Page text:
Nancy Wilson on the important difference between “having a conversation” and “just w**king off” when you’re shredding

“You could shred ‘til kingdom come, but it doesn’t stick until there’s a conversation going on,” says the Heart guitarist.

Nancy Wilson performing onstage

Credit: Daniel Knighton/Getty Images

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Sure, shredding a thousand notes a minute is impressive, but there’s a growing sentiment in the guitar community that lead playing should be more rooted in emotion, or serving the song, rather than just an exercise to showcase chops alone.

And in an interview in the new issue of Total Guitar, Heart’s Nancy Wilson echoes the sentiment, offering her insight on the topic and citing 17-year-old Nashville-based guitarist Grace Bowers as an example of someone who plays in a “conversational” manner.

“There’s a whole difference in my mind between just shredding, like wanking-off, as opposed to melodically conversational-type shredding,” she says.

“That’s what the great players do, like I think Grace Bowers is already at 17. She has a significant voice. I would pick her out in a crowd of shredders, like, “Oh, I know who that is,’ like David Gilmour. You could shred ‘til kingdom come, but it doesn’t stick until there’s a conversation going on.”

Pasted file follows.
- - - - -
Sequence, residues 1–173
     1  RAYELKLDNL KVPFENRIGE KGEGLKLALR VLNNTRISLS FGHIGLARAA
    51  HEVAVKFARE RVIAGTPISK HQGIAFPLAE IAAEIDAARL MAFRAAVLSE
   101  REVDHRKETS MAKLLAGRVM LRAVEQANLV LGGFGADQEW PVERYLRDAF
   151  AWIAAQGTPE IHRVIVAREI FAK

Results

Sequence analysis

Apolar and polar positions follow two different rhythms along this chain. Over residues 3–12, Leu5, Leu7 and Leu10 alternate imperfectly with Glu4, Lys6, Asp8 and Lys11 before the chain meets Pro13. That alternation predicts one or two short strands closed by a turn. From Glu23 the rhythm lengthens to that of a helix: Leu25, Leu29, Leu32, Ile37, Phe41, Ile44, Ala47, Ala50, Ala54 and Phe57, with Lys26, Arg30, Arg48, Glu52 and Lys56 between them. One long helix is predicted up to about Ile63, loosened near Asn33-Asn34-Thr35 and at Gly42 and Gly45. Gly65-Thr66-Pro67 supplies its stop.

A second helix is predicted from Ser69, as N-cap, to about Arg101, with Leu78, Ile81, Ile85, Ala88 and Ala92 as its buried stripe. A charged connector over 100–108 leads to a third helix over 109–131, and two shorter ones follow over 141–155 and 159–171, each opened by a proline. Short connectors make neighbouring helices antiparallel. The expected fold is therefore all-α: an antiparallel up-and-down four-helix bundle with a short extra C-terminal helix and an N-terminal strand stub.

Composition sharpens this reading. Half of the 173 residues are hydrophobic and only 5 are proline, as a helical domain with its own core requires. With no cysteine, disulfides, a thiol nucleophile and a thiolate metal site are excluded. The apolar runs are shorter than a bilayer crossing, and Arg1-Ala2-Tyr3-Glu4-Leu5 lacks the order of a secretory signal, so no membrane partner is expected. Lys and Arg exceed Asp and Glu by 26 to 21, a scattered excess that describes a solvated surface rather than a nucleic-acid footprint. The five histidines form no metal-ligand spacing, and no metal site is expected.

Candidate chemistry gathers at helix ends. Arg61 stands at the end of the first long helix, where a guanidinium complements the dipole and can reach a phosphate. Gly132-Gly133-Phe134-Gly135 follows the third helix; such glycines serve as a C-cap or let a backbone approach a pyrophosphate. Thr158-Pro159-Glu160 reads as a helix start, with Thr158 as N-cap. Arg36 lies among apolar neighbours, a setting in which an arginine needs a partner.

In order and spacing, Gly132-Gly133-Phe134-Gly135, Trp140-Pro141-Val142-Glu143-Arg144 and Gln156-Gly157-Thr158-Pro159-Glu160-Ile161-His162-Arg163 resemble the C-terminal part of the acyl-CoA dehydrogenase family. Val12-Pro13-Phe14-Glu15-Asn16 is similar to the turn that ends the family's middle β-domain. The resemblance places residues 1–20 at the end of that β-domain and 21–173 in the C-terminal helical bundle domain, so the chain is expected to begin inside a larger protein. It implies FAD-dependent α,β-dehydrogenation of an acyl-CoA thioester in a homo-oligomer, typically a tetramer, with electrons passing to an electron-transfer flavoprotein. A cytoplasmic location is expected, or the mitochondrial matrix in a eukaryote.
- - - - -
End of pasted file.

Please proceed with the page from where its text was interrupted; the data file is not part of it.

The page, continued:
While many budding guitarists begin their journey aspiring to play ultra-fast licks and dazzle their peers, many of the industry’s top players have shifted away from shredding as a goal.

In March, former Mötley Crüe guitarist Mick Mars explained why shredding was never his thing, saying: “My hands just didn’t want to go that fast. Melody and tone were, to me, more fitting.”

And last year, former Megadeth lead guitarist Marty Friedman – a man known for his sheer technical ability – gave his thoughts on shredding over music-making: “It looks cool on the fingers, but it doesn’t sound cool.”

“When I was growing up, there was always some kid in somebody’s basement who practised 10 hours a day,” he said. “And they played so incredibly fast, and accurate, and tricky, and all that stuff. But, to be honest with you, I never thought it sounded very good.”

“But it looked amazing. You look at those fingers, and it looks so exciting, like, ‘Wow, this guy’s so good,’ but if you close your eyes and listen, it’s like, ‘What this guy’s playing will never ever be in a song.’ It could never be something that could become popular.”

To view a list of Heart’s upcoming 2024 tour dates, head to their official website.

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